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My child says "I hate you!"

- Find out what your child is really saying.

Things you can try

  1. Take a step back – and try and work out what your child really means when they say, ‘I hate you’?

  2. Take a deep breath and remind yourself that what they mean is ‘I need you’ - they need connection and understanding.

    Avoid sending back a hurtful message. Don’t tell them off for what they said or punish them for it. It’s a good sign that they feel safe enough to tell you how angry they are, it’s much better than not telling you stuff because they are worried about hurting your feelings.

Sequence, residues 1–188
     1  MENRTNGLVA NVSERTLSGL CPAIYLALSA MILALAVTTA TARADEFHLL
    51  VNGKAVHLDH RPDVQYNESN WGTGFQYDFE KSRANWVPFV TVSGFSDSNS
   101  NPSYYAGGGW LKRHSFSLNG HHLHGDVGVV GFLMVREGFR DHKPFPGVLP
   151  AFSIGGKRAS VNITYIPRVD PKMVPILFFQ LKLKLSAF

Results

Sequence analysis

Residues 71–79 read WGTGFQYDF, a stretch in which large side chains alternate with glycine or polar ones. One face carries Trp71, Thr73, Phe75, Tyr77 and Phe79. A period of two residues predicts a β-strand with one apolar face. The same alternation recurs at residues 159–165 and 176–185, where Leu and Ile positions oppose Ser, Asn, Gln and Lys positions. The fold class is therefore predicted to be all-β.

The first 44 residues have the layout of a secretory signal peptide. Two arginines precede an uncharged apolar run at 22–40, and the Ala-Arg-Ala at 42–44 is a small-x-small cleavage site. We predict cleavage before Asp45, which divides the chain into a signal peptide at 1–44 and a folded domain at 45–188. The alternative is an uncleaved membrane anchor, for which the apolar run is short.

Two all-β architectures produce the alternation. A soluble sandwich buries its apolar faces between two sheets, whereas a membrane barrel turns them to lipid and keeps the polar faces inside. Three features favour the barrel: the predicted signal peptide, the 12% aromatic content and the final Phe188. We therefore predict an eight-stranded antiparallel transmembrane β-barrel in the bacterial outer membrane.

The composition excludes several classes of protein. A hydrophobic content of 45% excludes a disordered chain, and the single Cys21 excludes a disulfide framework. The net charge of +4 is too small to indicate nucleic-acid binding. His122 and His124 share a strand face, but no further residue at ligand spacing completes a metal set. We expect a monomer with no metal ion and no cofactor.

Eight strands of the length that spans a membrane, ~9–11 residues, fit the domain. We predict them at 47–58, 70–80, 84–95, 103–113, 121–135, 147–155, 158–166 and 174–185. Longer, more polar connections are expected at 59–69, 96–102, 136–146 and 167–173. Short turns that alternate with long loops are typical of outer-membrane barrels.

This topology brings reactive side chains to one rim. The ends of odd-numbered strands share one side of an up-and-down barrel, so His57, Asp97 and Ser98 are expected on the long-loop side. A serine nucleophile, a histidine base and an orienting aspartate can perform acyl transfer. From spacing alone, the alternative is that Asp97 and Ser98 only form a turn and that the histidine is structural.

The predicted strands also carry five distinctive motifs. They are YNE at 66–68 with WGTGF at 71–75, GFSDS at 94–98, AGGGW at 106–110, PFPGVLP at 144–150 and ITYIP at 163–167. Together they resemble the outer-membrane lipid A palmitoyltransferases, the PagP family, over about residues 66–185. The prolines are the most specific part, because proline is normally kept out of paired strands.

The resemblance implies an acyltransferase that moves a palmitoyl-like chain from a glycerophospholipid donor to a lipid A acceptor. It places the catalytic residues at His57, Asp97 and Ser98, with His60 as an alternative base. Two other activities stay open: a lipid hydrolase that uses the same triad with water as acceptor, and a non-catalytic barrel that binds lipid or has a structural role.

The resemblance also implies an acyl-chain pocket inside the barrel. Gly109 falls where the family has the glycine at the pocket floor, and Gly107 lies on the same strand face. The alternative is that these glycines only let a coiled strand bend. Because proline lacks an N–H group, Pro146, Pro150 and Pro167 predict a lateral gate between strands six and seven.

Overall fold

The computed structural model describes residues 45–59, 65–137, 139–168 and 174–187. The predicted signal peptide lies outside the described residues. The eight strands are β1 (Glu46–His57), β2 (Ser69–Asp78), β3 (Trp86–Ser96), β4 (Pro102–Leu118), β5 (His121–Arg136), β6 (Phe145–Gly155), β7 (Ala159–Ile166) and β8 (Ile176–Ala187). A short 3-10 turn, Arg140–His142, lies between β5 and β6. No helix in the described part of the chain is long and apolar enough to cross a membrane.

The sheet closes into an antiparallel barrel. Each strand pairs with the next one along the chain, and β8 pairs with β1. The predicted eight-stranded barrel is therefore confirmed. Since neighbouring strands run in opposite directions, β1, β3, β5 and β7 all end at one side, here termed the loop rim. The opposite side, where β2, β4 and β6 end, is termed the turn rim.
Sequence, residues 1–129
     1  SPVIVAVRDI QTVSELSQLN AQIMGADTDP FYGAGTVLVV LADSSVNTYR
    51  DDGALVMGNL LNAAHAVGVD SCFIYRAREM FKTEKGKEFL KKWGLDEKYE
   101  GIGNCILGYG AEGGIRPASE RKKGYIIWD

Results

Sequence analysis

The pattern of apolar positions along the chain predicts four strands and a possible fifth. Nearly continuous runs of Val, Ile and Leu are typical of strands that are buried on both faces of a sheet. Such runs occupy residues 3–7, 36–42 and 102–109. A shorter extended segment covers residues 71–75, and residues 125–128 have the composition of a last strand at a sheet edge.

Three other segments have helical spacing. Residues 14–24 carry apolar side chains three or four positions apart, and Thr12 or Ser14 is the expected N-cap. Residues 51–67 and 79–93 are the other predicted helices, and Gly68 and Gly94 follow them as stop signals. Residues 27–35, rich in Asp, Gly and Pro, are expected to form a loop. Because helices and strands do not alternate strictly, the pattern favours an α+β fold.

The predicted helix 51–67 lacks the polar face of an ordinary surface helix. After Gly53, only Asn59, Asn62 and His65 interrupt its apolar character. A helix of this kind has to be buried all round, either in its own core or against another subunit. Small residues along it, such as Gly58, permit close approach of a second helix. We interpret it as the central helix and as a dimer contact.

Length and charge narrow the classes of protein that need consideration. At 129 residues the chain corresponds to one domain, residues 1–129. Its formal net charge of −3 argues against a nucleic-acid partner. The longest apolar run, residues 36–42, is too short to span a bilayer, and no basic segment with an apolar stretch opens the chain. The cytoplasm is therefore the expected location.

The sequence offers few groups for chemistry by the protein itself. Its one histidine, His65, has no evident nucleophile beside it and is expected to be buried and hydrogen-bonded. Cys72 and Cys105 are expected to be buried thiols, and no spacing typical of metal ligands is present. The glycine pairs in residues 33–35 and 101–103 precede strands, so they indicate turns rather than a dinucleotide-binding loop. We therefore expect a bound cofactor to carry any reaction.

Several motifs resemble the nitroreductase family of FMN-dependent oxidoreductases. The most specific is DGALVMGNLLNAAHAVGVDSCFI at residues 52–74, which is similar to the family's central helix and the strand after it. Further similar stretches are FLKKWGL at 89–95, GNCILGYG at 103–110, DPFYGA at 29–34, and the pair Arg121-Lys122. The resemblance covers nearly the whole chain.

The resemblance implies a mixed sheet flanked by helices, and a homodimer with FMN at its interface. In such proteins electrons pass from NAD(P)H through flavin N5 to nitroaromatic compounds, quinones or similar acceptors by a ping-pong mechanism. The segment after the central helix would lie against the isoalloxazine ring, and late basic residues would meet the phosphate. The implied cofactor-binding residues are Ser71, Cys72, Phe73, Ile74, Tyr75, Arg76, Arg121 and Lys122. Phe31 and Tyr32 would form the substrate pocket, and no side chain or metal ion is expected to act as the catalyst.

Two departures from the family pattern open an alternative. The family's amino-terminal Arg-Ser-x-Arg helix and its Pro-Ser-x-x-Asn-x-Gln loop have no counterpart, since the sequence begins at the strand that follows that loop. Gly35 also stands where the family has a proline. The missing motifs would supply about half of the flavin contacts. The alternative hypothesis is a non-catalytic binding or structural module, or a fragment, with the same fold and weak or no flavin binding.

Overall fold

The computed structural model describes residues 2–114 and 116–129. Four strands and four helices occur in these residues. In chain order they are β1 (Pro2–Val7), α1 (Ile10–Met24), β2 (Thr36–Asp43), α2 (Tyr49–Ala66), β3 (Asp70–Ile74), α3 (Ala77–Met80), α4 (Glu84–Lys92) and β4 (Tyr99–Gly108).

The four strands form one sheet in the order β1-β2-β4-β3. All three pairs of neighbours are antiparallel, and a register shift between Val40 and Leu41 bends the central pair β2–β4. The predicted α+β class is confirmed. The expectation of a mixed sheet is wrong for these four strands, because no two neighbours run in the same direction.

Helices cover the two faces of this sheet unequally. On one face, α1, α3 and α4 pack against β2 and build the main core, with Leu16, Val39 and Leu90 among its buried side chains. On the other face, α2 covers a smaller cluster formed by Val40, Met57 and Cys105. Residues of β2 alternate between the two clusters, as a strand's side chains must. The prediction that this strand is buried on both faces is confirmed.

3. If you lose your temper, don’t be hard on yourself.

    Say sorry and ask if they’re ready to talk to you about what happened. It’s important that children see we can apologise when we need to and that we mean it.

  4. Let your child know that you want to know what's wrong.

    Acknowledge their big feelings and tell them that it’s ok for them to feel the way they do. By showing them you can feel and survive their big feelings you are showing them they can survive and manage them too.

  5. Your child is unique and we hope there are some takeaways here that work for you. If you’re looking for help parenting children with additional needs, you can get specific advice from specialist organisations. Check out our list of support that we can recommend.

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